Our GDPR Advice
On January 1, 2000, I was in the mountains of Norway away from civilisation, locked up in a cabin in mountains waiting for the end of the world…
The ‘millennium bug’ was about to hit
Computers could not transition to dates starting with ‘2000’, and would be malfunctioning…hence, planes, would fall out of the skies, computers would stop working, police and ambulance services would cease…. ANARCHY would reign.
It was the end of civilization.
You know what
Turns out it wasn’t the end of civilization after all.
We can laugh at ‘Y2K’ now, but for a few short months, the world went mad.
Almost everyone believed there was at least a chance we were going to be thrown back to a pre-technological age.
The hysteria back then reminds me very much of the hysteria we’re witnessing right now in the business community, around GDPR.
Businesses are committing suicide… Unnecessarily
For weeks now, business owners and marketing teams have been scrambling around to prepare for this upcoming calamity, as if the end of the world were nigh.
They have updated Privacy Policies, instituted strict double-opt-ins to their email lists, and worst of all, badgered consumers with those horrible form letters asking people to opt in again to their email list, or face being unsubscribed.
Everyone’s at it:
….from local butchers asking their customers whether they want to continue hearing about the latest offers on chicken. Small charities practically begging past donors to stay in touch.
Larger companies are emailing lists painstakingly compiled over a decade or more.
It will be interesting to see the stats when someone finally runs a survey, but I would be shocked if more than 5-10% of people on most email lists are responding to those notes.
In other words, many businesses are losing practically their entire contact lists.
Since your email database – your list of past clients, leads and prospects – is one of every business’s biggest assets, they are effectively committing business suicide.
All this would be understandable and commendable if it were legally necessary, but in most cases, it’s not.
Most companies do have to make adjustments for GDPR, eg. typically, privacy policies have to be updated.
But while there are exceptions, most businesses should be able to continue emailing most of their existing list without forcing people to opt in again.
You quite possibly already have the required consent; and there are other criteria which allow you to continue using your data, such as ‘legitimate interest’.
See the ICO website for further details.
Companies jumped the gun with GDPR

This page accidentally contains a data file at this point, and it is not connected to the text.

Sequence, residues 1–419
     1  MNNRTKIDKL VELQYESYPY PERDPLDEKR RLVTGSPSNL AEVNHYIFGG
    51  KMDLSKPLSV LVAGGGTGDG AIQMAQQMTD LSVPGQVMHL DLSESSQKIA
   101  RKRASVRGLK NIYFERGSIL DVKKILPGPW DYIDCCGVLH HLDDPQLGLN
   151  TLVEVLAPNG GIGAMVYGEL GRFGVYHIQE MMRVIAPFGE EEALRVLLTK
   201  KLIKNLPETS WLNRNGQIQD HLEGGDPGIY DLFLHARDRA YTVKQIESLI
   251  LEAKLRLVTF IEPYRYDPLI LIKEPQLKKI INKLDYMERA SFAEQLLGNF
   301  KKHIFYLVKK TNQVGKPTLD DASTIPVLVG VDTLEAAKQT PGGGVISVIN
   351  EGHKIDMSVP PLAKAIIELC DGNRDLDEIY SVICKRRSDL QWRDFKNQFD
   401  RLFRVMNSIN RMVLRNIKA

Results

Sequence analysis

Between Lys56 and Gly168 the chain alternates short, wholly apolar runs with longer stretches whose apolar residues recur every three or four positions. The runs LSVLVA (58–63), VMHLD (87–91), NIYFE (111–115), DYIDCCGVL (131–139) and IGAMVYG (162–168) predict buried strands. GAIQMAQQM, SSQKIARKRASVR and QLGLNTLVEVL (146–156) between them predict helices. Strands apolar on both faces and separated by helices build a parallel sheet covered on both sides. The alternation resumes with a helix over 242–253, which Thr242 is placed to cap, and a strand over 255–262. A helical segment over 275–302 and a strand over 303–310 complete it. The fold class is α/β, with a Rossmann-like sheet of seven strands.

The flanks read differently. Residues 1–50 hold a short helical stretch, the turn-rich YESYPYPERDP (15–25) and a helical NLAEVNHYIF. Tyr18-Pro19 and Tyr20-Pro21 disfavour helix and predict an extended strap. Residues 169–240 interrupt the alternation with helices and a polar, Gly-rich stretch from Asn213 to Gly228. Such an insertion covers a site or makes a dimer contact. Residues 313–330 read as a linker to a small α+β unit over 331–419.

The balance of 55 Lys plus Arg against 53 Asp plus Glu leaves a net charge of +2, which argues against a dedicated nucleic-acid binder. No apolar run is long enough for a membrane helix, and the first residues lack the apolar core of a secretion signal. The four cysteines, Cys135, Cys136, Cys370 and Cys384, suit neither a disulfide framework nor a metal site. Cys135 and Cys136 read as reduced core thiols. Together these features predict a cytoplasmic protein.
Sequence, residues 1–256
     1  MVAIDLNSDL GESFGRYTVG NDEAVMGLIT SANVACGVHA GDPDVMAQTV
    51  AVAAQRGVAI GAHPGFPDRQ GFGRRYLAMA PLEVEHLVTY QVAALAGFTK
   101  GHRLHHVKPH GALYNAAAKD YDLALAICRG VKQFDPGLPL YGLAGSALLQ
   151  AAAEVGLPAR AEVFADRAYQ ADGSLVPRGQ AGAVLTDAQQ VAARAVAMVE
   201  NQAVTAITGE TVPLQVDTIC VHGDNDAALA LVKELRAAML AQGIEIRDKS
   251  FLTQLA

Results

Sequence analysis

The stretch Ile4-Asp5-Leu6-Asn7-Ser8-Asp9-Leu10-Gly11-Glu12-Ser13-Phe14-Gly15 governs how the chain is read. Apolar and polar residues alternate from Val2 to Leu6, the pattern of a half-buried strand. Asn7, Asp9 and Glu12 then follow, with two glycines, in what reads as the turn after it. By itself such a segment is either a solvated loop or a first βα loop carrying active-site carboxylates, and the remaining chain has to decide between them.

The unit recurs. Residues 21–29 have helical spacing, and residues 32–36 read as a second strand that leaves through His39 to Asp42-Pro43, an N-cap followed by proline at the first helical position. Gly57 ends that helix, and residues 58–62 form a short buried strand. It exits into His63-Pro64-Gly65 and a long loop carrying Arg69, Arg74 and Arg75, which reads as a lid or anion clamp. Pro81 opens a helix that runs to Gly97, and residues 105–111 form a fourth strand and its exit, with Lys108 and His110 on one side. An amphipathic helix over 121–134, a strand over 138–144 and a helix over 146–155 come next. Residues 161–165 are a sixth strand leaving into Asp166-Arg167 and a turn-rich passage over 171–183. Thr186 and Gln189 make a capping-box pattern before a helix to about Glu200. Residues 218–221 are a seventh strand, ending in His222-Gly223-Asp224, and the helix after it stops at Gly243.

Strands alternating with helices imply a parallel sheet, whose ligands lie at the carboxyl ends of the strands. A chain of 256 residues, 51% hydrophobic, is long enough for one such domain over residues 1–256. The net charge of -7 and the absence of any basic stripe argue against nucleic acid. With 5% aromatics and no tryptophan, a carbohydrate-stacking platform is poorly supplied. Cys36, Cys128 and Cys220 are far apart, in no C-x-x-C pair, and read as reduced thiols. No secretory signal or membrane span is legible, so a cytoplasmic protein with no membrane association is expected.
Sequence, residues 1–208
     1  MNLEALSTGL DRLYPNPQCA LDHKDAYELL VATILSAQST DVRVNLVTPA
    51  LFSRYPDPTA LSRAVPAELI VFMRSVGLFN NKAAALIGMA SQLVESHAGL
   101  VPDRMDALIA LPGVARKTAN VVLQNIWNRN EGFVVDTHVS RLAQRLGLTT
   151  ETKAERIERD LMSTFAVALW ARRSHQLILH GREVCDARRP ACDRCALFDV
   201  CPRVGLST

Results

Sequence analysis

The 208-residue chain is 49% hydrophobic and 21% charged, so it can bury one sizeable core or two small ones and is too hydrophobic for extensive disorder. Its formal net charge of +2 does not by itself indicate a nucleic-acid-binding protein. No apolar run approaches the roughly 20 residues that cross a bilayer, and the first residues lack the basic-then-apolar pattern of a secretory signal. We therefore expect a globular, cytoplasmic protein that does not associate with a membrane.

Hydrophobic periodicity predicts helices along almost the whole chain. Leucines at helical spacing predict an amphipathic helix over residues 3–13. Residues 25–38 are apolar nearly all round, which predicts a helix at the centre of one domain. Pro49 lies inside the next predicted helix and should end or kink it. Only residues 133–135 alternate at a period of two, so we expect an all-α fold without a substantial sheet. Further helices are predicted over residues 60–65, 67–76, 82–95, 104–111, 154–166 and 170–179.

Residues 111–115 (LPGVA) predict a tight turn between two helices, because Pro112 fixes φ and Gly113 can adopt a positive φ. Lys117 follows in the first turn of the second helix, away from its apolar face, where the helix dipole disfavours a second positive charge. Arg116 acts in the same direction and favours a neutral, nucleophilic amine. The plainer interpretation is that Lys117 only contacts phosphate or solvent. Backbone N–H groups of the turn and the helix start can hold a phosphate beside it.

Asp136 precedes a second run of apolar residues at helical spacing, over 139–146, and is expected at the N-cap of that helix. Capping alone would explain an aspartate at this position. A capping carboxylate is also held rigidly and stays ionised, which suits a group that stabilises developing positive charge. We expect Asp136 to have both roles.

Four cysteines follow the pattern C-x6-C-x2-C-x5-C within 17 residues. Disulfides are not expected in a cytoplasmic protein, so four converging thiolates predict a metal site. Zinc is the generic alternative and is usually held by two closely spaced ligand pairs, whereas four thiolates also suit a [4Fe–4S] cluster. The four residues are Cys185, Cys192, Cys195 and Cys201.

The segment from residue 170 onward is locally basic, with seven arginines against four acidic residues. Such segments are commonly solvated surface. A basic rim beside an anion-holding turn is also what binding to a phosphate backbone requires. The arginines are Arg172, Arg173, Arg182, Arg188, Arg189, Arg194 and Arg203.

The confusion arises for two reasons. First, the GDPR regulations were not finalized until relatively recently, leading to ambiguity and confusion about what actions were going to be necessary. And so some jumped the gun.
Too many companies wiped thousands of people off their databases, shifted their focus away from email and even stopped emailing altogether (!) before the terms of GDPR were clear.
Some companies have stopped emailing their lists altogether
But the second is simple mass hysteria. Once some companies started asking their subscribers to opt in again to their email lists, others assumed this was the correct course of action, and followed suit.
They didn’t understand that many of these companies were acting unnecessarily.
Or, in some cases, that these companies had legitimate reasons to ask people to opt in again, which did not apply to them.
Soon the flood of opt-in emails was impossible to stop.
Everyone became convinced that the law told them they had to get subscribers to opt in again, even though this was rarely the case.
As the May 25 deadline gets closer, cue panic.
Do not follow the crowds blindly
The lesson is clear: Do not follow the crowds blindly.
When it comes to legal issues – which GDPR is – invest in proper legal advice. Every business is different.
And when it comes to marketing issues, do not assume that your peers, your competitors and even market leaders know what they are doing and are worth copying.
There are strong trends in the marketing world, and it’s easy to feel that if you don’t jump on the bandwagon, you’re going something wrong….
That if “everyone” is suddenly on Snapchat, that’s where your company needs to be, too….
Or that if all your competitors are sending out dry email newsletters, you should too.
But in all too many cases, they are just making it up as they go along, figuring out their own path, making their own mistakes and applying strategies which do not apply to you.
So do not assume they know better.
Seek expert advice
- Seek out your own expert advice from businesses that have built the kind of company you want.
- Stay focused strongly on core strategy instead of getting seduced by shiny new tactics
- Above all, maintain a healthy scepticism about what other companies do online, unless you have seen clear proof that it has impacted their bottom line.
In just a few months’ time, when all this has died down, I have a feeling that many people will be looking back at the panic around GDPR with puzzlement.
Companies will not be able to believe they allowed most of their subscribers to disappear, for no good reason; and they will not believe they allowed themselves to be led astray by the spirit of mass hysteria, without investigating the legal issues properly.
Luckily, unlike Y2K, the end of world is not at stake – “merely” the ability of your business to market itself freely over the most profitable of all digital channels, email.
On second thoughts, for many companies that is the end of the world.
So do not act in haste.
Before you hit ‘send’ on that opt-in email, contact your Privacy lawyer, to make sure you understand how GDPR applies to your organization…
And in the best British tradition, keep calm and carry on!